I’m a survivor. In 1945, by post-war agreement, the Russians were given Berlin. I’ll never forget when the Russians came to our house, our air raid shelter. We had no lights down there. Hitler’s bunker was not so very far from where I lived.

Tell us about: Your wedding:

I met my first husband in Berlin because he was stationed there. We were both invited to the USO club in Berlin. He was with the constabulary. It was very difficult to get the permit to marry an American. I was loaned a veil and I bought shoes from a secondhand store –we were married in December of 1947 and left Berlin to join an army troop transport ship for war brides. It was a trip that was supposed to take 9 days but instead the seas were so rough it took thirteen. All the men were abovedeck and the women down below were separated by nationality. Everyone was tossed and piled up on one another by the waves. I never want to go on a cruise. It was bad.

Your favorite memory:

Being able to be married in a half bombed out church in a dress made from the silk of an American parachute. It was even hard to find a church to get married in, one that wasn’t destroyed.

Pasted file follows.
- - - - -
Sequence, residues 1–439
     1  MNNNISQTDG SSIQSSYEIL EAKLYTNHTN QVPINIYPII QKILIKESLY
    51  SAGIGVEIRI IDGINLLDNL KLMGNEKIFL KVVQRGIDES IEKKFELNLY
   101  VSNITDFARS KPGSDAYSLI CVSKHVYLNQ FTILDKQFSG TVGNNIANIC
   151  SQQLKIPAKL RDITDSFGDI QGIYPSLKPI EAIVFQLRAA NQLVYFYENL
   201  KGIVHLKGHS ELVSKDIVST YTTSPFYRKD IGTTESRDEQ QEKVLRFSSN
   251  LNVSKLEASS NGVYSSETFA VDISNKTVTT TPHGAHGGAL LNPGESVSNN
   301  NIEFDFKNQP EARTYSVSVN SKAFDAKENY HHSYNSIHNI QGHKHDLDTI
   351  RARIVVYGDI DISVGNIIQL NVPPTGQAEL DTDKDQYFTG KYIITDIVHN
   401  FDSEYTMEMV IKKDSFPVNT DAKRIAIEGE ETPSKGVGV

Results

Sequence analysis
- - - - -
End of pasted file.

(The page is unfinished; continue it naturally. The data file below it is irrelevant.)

If you could eat anything every day for the rest of your life, what would it be?


Lasting Memories:

There is one possession Charlotte is most proud of, a vase she won as a gift from her hometown’s land baron.

I carried that vase with me in every air raid. The vase was for a time lost in a suitcase when she and her husband also were separated but luckily it had the address in Highlandville on it. I still can see that suitcase, it was lost a week or more before it finally came. It stands high and beautiful in her home now. In Highlandville I learned very fast to live off the land. I had a big garden. We sold cucumbers to be able to buy baby clothes. Carmen worked for other farmers while Charlotte raised their 4 children.